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Nudge in public health policy is the application of behavioural science to encourage people to make better health choices. The CMO, on behalf of the Department, requested the Committee to consider the topic.
Established in March 2012, the Committee has produced two opinion documents, both on controversial issues. One was on informed consent for blood transfusion, while the other related to detention in mental health facilities.
The Committee’s role is to advise the Minister for Health on the ethical and social implications of scientific developments in human medicine and healthcare. Recently, it was involved in a Department of Health symposium titled ‘Influencing Healthy Lifestyles: Nudging or Shoving? The Ethical Debate’.
The Committee has been tasked with “preparing advice on the ethics of using nudging for public health purposes,” a Department of Health spokesperson told the Medical Independent (MI). “Work on this topic has just commenced. The Committee is due to meet in late September in order to further progress this work.”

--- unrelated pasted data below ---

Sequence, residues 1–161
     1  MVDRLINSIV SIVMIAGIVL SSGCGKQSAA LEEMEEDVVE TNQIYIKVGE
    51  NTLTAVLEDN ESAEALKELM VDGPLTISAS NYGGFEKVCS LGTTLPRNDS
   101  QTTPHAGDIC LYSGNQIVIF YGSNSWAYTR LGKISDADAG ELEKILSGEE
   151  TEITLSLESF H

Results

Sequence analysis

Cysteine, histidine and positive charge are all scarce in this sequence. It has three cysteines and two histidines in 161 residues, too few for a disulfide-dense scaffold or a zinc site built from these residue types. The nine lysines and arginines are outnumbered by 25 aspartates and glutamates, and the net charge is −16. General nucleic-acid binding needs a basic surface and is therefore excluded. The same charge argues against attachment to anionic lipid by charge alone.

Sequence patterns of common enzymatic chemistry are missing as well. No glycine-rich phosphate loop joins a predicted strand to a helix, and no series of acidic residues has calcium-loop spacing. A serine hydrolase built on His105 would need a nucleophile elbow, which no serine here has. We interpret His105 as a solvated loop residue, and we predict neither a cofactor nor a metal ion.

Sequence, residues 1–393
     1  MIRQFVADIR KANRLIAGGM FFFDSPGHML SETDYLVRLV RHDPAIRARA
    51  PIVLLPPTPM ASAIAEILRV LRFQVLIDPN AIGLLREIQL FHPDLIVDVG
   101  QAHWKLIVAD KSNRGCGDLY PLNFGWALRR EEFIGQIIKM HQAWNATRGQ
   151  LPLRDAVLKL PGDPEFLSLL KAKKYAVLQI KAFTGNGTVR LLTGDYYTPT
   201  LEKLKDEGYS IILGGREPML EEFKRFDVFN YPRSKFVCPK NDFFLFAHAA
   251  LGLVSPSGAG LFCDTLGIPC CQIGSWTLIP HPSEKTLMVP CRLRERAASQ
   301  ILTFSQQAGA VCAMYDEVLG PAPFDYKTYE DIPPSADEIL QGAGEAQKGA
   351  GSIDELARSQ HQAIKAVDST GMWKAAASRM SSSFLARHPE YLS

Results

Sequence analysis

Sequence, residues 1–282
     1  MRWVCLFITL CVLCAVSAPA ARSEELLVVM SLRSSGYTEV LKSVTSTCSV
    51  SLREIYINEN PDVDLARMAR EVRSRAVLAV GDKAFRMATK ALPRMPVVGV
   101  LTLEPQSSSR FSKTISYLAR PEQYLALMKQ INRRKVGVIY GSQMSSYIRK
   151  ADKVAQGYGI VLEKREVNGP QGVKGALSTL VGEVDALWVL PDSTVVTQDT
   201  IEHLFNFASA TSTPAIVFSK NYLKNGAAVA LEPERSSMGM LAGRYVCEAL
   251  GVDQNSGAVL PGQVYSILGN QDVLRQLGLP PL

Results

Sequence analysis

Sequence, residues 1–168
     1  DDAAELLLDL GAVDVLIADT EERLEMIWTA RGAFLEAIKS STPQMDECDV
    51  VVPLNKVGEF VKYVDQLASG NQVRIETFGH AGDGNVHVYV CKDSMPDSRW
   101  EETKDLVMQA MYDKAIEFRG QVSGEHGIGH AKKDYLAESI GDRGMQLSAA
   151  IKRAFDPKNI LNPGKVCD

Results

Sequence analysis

The spokesperson pointed out that, internationally, governments are looking beyond orthodox approaches to the promotion and protection of public health.
“However, while nudging does not involve compulsion, it is a powerful tool of persuasion that might impact on personal autonomy and consequently raises a number of ethical issues — issues that the Department would be grateful to have the Committee’s expert opinion on.”
See feature ‘A nuanced ‘nudge’ or a paternalistic push for health?’